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Electronic pressure sensor with ‘analogue’ display

28 May 2009

“Pressure gauges with a moving needle may conjure up thoughts of old-fashioned engineering, but maybe there’s a place for such things yet,” says Michael Schimanowski, the ifm electronic product manager for a new series of pressure measurement instruments.

Ifm electronic's PG Manometer
Ifm electronic's PG Manometer

The people at ifm call it a “fusion of modern technology with classic functionality,” this modified PI series of pressure sensors attached to a 100mm dial display.

“Add a modern sensing element and some state-of-the art electronics, and there you have it: the new PG Manometer range,” says Mr. Schimanowski, sitting in the bar/restaurant in the middle of ifm electronic’s huge stand at Hannover Fair.

To demonstrate the pressure gauge, the company had a half dozen custom transparent plastic stands made to hold the instrument. By pressing on a plunger the ifm personnel could pump up the air pressure to show how the instrument operates.

But that is no ordinary gauge display, like on your grandfather’s manometer. It has a small stepper motor driving the needle, as in a car’s speedometer, and a ring of 114 LEDs, one for each tick mark on the dial.

These are used to illuminate various set and reset points, selectable with the two optical buttons at the bottom.

There are also a lot of other things that can be selected on the dial, such as range, hysteresis, damping, display units, and electronic locking of the settings.

A real curiosity on the dial is the needle when it’s moving: five LEDs ‘follow’ it so the observer can tell at a glance if it is moving in the direction of up or down (see lower photo).

Michael Schimanowski
Michael Schimanowski

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Michael Schimanowski pumps up one of the

transparent plastic demonstrator units to show

how the pressure gauge works.

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So, it is one device instead of two: “No longer does the user need to have a separate pressure gauge and a pressure switch,” says Mr. Schimanowski, “because of course the PG Manometer is more than just a visual indicator, though it does that with a digital LED display as well as the pointer. It is also a versatile pressure sensor, with an output capable of switching 250 mA.”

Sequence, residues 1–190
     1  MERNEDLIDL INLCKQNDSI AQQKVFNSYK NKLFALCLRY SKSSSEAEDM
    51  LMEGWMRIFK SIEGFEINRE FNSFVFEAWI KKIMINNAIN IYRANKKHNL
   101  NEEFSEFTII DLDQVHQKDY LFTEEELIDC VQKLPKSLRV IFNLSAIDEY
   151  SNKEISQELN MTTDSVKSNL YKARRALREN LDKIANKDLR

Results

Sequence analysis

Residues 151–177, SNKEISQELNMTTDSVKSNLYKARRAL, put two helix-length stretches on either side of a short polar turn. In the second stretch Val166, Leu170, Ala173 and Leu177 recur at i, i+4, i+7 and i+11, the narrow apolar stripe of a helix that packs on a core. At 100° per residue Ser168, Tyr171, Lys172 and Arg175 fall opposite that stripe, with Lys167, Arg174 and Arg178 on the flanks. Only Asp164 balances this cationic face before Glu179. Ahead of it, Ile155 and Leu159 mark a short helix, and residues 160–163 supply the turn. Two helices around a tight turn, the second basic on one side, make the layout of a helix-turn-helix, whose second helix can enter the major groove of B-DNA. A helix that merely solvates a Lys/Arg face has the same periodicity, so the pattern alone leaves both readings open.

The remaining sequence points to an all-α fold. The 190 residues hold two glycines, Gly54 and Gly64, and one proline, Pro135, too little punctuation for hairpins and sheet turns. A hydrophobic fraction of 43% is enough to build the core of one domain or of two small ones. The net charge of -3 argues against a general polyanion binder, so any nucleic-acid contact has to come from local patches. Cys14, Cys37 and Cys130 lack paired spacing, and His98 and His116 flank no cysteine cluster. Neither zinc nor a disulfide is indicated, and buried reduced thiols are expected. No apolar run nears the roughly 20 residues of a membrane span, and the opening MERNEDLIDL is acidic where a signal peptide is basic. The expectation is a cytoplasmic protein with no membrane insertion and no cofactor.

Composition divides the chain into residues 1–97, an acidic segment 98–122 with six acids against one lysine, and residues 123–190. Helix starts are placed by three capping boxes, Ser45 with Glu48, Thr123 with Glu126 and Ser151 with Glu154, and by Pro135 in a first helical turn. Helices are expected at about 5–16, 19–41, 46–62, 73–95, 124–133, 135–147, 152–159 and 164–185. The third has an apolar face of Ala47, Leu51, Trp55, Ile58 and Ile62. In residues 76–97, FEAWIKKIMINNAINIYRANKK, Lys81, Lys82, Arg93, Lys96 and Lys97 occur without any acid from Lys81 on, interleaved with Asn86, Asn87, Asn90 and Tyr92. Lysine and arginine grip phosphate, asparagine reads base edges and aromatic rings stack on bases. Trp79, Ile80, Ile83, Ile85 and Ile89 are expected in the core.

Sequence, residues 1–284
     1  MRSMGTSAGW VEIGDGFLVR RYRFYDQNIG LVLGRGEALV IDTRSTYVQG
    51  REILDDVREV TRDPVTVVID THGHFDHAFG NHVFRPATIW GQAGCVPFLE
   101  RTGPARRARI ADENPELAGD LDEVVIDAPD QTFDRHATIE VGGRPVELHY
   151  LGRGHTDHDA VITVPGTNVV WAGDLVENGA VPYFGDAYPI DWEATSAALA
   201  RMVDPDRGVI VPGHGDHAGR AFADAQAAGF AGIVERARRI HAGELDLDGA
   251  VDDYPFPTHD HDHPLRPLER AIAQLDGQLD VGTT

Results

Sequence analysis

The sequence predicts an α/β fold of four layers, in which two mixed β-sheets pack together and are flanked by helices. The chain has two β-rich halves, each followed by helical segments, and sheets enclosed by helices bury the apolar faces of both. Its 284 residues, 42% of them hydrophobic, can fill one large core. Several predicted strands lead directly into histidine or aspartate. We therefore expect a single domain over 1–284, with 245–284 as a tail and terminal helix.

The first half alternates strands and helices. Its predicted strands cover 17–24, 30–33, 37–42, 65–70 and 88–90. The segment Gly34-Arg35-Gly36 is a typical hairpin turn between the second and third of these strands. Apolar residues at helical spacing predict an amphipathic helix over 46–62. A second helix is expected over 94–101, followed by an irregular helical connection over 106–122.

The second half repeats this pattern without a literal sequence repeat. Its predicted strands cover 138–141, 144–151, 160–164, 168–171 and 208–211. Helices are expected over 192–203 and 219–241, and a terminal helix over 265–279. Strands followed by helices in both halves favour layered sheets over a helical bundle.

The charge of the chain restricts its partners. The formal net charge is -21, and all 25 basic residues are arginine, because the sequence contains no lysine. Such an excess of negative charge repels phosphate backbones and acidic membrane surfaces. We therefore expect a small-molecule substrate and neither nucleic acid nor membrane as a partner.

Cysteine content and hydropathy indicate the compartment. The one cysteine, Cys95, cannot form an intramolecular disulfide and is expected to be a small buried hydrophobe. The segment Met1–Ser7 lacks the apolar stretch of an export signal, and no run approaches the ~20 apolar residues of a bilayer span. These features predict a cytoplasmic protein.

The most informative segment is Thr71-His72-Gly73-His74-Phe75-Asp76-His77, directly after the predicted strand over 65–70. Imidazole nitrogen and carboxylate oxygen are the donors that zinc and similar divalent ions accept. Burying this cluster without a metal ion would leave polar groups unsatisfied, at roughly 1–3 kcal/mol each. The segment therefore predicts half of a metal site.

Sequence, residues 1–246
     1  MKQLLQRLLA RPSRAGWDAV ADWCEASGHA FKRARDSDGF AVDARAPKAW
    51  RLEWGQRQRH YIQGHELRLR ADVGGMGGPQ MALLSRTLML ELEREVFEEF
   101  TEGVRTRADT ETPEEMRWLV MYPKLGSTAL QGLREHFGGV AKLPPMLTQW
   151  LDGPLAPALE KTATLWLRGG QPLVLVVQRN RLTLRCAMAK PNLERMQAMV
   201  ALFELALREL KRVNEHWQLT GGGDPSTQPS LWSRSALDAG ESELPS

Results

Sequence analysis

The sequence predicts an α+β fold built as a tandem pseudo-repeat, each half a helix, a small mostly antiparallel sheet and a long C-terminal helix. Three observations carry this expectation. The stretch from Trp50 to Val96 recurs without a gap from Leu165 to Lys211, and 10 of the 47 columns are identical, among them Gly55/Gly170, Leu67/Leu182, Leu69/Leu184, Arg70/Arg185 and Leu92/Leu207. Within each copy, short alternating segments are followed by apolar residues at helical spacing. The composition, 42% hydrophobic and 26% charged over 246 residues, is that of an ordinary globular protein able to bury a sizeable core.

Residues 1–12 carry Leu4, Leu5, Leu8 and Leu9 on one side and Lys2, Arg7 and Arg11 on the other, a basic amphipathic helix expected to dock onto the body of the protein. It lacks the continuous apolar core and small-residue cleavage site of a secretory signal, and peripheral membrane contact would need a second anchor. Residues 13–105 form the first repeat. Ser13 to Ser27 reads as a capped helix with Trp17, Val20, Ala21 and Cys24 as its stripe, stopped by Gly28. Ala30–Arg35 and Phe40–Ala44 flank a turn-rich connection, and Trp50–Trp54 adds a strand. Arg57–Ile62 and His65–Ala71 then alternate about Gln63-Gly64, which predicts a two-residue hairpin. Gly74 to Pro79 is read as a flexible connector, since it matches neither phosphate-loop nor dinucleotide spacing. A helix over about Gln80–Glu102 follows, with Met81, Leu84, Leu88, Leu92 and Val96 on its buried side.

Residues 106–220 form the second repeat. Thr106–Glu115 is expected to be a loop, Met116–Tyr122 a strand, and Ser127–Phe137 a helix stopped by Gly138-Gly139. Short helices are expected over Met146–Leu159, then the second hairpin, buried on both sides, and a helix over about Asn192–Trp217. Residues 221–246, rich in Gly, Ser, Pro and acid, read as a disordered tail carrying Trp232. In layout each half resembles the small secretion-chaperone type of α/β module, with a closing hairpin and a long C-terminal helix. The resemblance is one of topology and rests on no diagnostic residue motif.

The output is selectable, normally open or normally closed, and able to automatically detect PNP or NPN. The second output is a scalable analogue current signal.

Since it is entirely electronic, it does have one problem mechanical pressure gauges don’t have—it won’t function without power.

PG Manometer with LEDs in dial
PG Manometer with LEDs in dial

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Notice how the five LEDs "following" the

pointer give an instant indication to the

observer that it is increasing.

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The mounting position does not pose any problems, as the display can be rotated through 350 degrees.

Versions so far available cover eight different ranges of relative pressure, starting at –1 bar and extending up to 25 bar. The medium can be liquid or gaseous.

Mr. Schimanowski says food and pharmaceutical applications suggest themselves as ideal for the PG manometer, as the materials used are ideal for those industries, as are the hygienic process connections and seals on offer. Materials in contact with the medium are only high-grade stainless steel, ceramic and PTFE.

But, electronics give it many other advantages, such as the high precision (0.2%). Mr. Schimanowski says it’s far more vibration and shock resistant than standard manometers, and with a list price of under €400 may even be cheaper than similar size mechanical pressure sensors equipped with vibration resistance and hygienic finish options. And the high-purity ceramic measuring cell give it long term stability and good overload protection.


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